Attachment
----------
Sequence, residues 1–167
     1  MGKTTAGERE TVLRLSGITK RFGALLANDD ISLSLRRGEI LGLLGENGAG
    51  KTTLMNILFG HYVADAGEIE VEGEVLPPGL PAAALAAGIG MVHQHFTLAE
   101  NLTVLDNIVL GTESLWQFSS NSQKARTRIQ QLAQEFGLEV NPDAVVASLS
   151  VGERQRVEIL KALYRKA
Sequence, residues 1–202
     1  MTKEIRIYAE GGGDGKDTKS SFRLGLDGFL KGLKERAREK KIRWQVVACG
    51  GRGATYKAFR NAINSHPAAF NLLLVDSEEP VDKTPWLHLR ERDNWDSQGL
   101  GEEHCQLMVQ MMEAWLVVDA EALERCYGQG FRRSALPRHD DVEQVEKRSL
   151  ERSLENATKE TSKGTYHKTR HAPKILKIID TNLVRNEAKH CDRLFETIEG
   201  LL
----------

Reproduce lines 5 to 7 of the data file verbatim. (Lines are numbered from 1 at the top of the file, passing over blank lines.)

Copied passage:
   151  VGERQRVEIL KALYRKA
Sequence, residues 1–202
     1  MTKEIRIYAE GGGDGKDTKS SFRLGLDGFL KGLKERAREK KIRWQVVACG